The Moto X offers two configurations: 16GB and 32GB, and with Google’s own cloud-based system (Drive, Google Cloud Storage, etc.), and the lack of removable storage on the handset, it seems that the Moto X is in line with the new approach to storage rather than putting everything on the device. In my opinion, Google/Motorola is taking the right approach by avoiding the use of micro SD cards, which tend to fragment data and become corrupted when used with different handsets, and really seem to be behind the times as cloud storage continues to dominate the conversation both for mobile and desktop computing.
Nowadays, cell phone camera technology has come a long way from small VGA images taken by their miniaturized optics, and it’s sometimes hard to tell what’s been shot with a premium smartphone and what’s been shot with a dedicated prosumer digital camera. As smartphones continue to pack on the features while upgrading optics and CMOS image sensors they’ve turned into the primary tool for shooting everything from food porn at meal times, visually updating social status, panoramic travel photos and even fine photography with a serious artistic bent.
Apple got serious about photography and HD video with the release of the remarkable iPhone 4S, one of the best camera phones of its time (just a few years ago, mind you). With the iPhone 5′s Apple improved the iSight camera, adding better optics (and a problematic lens cover, though that is no longer an issue). The iPhone 5S also adds a second, amber LED to the main flash LED. Apple claims the True Tone dual-flash will find the best shooting ratio between flash intensity/contrast, and find the perfect color balance.
Internally, Apple has increased the pixel size to 1.5 microns, making 8 megapixels seem like so much more. They’ve also increased the aperture to f/2.2 with Apple claiming that this allows the iPhone 5S to capture brighter, more colorful images with less digital noise. Auto-focus times are exceptionally fast, and the iPhone 5S now offers a blazing burst mode, both made possible by the 64-bit architecture of the A7 chip.
The iPhone 5S offers improved video recording features, adding live zoom and even slow motion video achieved by shooting at 120fps (at 720p resolution)… the user can then slow that down to quarter-speed to get the special effect. Finally, the iPhone now includes image stabilization an option while shooting video.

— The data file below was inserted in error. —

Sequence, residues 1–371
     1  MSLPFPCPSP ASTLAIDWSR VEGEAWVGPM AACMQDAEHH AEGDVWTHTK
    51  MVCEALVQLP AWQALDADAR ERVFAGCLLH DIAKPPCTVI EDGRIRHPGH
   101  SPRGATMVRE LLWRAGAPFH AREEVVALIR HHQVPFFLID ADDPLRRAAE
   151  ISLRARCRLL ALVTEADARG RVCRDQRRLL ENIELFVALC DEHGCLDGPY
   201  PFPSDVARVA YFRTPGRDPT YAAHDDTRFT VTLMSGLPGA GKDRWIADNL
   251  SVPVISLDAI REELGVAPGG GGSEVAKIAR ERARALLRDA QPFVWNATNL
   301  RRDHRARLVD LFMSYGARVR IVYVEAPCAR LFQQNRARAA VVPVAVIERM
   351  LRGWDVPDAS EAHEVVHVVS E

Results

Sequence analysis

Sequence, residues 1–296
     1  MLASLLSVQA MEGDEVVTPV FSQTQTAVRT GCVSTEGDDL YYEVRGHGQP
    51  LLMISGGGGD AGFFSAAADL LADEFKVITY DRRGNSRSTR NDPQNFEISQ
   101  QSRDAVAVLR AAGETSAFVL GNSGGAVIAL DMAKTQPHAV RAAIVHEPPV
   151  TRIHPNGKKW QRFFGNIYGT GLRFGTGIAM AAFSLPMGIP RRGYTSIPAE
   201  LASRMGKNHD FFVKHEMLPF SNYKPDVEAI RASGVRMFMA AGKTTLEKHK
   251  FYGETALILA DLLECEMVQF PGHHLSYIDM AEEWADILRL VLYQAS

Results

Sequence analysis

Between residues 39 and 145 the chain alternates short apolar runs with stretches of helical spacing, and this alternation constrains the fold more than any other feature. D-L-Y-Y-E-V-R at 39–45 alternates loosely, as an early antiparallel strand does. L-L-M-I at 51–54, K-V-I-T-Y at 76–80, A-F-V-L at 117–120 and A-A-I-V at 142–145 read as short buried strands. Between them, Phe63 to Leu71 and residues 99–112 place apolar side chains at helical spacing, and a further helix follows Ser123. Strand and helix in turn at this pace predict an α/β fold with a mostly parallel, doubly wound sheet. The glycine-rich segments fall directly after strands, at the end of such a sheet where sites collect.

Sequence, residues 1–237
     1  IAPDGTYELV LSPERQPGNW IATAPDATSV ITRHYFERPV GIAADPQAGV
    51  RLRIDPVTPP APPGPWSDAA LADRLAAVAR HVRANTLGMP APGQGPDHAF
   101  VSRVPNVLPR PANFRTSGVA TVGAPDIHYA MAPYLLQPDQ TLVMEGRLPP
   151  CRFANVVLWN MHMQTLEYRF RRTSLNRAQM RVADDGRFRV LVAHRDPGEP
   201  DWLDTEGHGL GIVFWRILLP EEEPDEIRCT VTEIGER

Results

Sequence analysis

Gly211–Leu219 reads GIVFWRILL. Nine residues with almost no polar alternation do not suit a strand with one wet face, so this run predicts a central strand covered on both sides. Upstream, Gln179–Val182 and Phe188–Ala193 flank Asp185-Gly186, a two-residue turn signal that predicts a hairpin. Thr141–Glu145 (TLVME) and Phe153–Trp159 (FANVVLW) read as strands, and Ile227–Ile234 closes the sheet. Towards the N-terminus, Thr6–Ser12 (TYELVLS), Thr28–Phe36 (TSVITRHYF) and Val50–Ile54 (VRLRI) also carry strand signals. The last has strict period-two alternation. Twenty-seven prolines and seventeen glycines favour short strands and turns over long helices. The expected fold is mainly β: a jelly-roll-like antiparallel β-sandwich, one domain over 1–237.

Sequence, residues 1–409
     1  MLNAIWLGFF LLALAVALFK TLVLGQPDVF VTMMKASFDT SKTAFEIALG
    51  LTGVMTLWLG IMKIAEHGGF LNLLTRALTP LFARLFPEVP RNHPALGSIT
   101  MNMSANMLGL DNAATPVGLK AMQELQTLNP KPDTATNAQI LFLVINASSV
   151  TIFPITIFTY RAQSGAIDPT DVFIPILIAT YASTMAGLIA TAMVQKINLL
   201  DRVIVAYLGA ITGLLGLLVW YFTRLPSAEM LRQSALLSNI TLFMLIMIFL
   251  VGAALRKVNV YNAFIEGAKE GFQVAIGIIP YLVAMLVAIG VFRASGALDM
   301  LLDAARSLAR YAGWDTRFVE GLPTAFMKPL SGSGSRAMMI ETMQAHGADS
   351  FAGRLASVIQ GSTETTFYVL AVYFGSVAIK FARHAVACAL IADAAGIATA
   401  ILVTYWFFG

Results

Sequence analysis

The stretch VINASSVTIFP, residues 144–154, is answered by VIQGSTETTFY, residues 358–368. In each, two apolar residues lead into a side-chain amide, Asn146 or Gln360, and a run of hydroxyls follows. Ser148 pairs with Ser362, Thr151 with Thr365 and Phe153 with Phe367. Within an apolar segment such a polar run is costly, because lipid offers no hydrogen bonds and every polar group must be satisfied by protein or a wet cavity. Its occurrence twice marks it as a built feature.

The Moto X offers what it calls Clear Pixel technology in a 10 MP camera… of course, they do this as many others, including Apple, are doing by increasing the image sensor’s ability to capture larger pixels and thus more data. The Moto X has increased the pixel size to 1.4 microns and is capable of capturing very detailed, very colorful low-light images, much like the iPhone 5S. The camera software offers a virtual function ring that allows users to shoot HDR photos, capture HD video (with the ability to slow down the image in a similar way as the iPhone does, though you can shoot at 60fps), burst and panoramic modes, tap to focus… but where it is really unique is in camera activation.
With just a flick of the wrist, the Moto X’s camera can be activated. Google says the somewhat dorky gesture is like turning a screwdriver in mid-air. I’m not a big fan of this, though I can see why, in concept it might be useful. However, from a practical standpoint, if the feature is activated (it can be disabled, with the camera activated from the lock screen) you might get quite a few shots from the inside of your pocket, or unwanted shots when you’re not even keen on using the camera feature. With the Quick Capture feature I think there’s more time spent deleting stray pics than taking ones that are keepers. Apparently, the software had enough performance issues to prompt Google to issue an update (currently for T-Mobile’s Moto X inventory, but soon to be expanded to other carriers… which to me, indicates an inherent problem with Android fragmentation).
The proof of a good photo is in the picture itself, and feature for feature, pixel for pixel, the iPhone 5S takes much better photos even under low light, offering amazing color accuracy without the flash in bright light or low light conditions. With the two element flash, the iPhone takes improved indoor pictures where low light can often increase color/digital noise. This doesn’t seem to be an issue when using the flash, and the iPhone certainly acquits itself in dim, indoor conditions where the flash is turned off. The Moto X seems to suffer under low light conditions, isn’t as accurate with color representation, and seems to wash out details with the flash. It’s still a fine camera for a smartphone, but pales in terms of performance when put side-by-side with the iPhone 5S. Lastly, the wrist flick feature on the Moto X isn’t all its cracked up to be, and I’m hard pressed to get over the dork factor of mobile phone gestures (no matter how cool it looked when Tom Cruise was gesturing to get his computer to stop crimes).